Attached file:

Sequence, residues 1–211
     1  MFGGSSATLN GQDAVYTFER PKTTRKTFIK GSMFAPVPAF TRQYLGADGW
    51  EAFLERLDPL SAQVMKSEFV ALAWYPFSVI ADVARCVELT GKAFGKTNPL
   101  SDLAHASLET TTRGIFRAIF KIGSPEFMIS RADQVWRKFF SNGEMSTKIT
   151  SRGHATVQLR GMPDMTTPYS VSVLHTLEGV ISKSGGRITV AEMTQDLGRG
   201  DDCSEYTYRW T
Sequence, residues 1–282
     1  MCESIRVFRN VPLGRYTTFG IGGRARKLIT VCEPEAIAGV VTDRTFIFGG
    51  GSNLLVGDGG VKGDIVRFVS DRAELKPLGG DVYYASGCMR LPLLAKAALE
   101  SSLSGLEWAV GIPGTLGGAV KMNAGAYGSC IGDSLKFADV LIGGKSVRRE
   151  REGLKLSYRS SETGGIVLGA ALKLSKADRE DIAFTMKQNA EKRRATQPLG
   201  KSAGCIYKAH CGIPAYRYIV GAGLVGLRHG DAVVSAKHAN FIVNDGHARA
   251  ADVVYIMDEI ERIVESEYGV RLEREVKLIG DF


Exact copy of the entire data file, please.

Sequence, residues 1–211
     1  MFGGSSATLN GQDAVYTFER PKTTRKTFIK GSMFAPVPAF TRQYLGADGW
    51  EAFLERLDPL SAQVMKSEFV ALAWYPFSVI ADVARCVELT GKAFGKTNPL
   101  SDLAHASLET TTRGIFRAIF KIGSPEFMIS RADQVWRKFF SNGEMSTKIT
   151  SRGHATVQLR GMPDMTTPYS VSVLHTLEGV ISKSGGRITV AEMTQDLGRG
   201  DDCSEYTYRW T
Sequence, residues 1–282
     1  MCESIRVFRN VPLGRYTTFG IGGRARKLIT VCEPEAIAGV VTDRTFIFGG
    51  GSNLLVGDGG VKGDIVRFVS DRAELKPLGG DVYYASGCMR LPLLAKAALE
   101  SSLSGLEWAV GIPGTLGGAV KMNAGAYGSC IGDSLKFADV LIGGKSVRRE
   151  REGLKLSYRS SETGGIVLGA ALKLSKADRE DIAFTMKQNA EKRRATQPLG
   201  KSAGCIYKAH CGIPAYRYIV GAGLVGLRHG DAVVSAKHAN FIVNDGHARA
   251  ADVVYIMDEI ERIVESEYGV RLEREVKLIG DF